The monocyte/macrophage has a variety of immunological functions including presentation of antigen to lymphocytes, production of immunologically active mediators such as interleukin 1(IL-1), and regulation of cell–cell cooperation and activity. This cell is essential for the development of almost all normal immunological responses. Activated macrophages can also act as cytotoxic effector cells that are especially critical to antimicrobial and antitumor defenses (1).
Monocytes, macrophages, and macrophagelike cells produce a number of mediators critical to immune responsiveness. For example, IL-1 is secreted by macrophages, macrophagelike cells (such as Langerhans cells of the skin), and by astrocytes, keratinocytes, fibroblasts, and natural killer (NK) cells (2). Collectively, these mediator-producing cells are called accessory cells (3). Accessory-cell IL-1 is directly involved in the activation of helper-T lymphocytes, and the stimulation of a variety of other cell types to produce “secondary mediators” with far-reaching influence. As summarized in Figure 3.1, these secondary mediators include prostaglandins and leukotrienes.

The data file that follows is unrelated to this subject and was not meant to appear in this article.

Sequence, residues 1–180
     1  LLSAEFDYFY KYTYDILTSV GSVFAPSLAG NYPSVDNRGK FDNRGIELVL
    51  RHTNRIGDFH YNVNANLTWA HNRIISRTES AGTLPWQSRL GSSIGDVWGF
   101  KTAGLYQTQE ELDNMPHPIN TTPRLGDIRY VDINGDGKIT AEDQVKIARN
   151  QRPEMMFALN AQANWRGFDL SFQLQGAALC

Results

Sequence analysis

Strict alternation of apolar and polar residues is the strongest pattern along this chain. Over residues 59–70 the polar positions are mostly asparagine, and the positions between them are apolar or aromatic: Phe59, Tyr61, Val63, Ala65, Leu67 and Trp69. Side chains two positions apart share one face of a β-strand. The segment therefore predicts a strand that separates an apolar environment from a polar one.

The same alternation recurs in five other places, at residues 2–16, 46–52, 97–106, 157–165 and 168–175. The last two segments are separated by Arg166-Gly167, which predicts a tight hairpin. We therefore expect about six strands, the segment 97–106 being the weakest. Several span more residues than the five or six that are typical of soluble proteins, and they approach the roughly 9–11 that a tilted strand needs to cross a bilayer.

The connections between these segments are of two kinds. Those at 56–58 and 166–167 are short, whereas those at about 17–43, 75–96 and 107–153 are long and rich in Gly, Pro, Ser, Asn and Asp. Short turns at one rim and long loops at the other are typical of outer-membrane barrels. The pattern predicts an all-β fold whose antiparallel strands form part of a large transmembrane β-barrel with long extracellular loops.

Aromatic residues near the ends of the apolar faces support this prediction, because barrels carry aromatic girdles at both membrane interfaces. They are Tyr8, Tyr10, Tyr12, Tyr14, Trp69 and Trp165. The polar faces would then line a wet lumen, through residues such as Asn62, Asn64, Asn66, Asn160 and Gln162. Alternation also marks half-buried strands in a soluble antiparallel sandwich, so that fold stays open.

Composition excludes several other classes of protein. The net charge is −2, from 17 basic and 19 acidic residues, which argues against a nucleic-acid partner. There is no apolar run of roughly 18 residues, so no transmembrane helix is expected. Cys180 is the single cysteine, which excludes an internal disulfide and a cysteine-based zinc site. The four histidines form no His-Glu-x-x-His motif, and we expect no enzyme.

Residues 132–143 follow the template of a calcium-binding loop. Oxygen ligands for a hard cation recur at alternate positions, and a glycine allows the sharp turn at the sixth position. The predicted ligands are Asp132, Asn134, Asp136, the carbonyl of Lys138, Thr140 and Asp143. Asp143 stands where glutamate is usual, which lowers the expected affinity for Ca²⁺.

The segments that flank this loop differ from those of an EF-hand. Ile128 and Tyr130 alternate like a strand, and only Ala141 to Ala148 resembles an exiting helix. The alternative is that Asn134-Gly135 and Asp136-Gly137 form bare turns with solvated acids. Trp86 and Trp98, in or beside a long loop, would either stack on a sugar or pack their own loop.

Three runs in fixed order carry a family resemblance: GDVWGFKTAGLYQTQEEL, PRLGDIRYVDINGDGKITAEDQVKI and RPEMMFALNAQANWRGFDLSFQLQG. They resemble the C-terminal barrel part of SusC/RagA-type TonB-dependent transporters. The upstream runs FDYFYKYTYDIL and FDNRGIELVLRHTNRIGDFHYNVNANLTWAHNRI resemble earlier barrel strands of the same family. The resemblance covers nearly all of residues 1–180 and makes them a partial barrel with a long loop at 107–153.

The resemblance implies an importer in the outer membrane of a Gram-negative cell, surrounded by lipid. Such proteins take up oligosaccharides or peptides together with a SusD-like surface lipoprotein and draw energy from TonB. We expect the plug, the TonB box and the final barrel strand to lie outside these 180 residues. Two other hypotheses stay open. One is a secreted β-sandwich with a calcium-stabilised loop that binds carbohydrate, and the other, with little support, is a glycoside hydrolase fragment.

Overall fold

THE EFFECT OF PROSTAGLANDINS ON MACROPHAGE FUNCTION
The products of arachidonic acid metabolism are important regulators of macrophage activity and macrophage–lymphocyte cooperation. Many studies have been devoted to examining the effects of prostaglandin E on macrophages. In these studies, PGE has been shown to have a profound inhibitory effect on the release of lysosomal hydrolase in human macrophages, as well as on macrophage locomotion, shape change, and phagocytosis (4).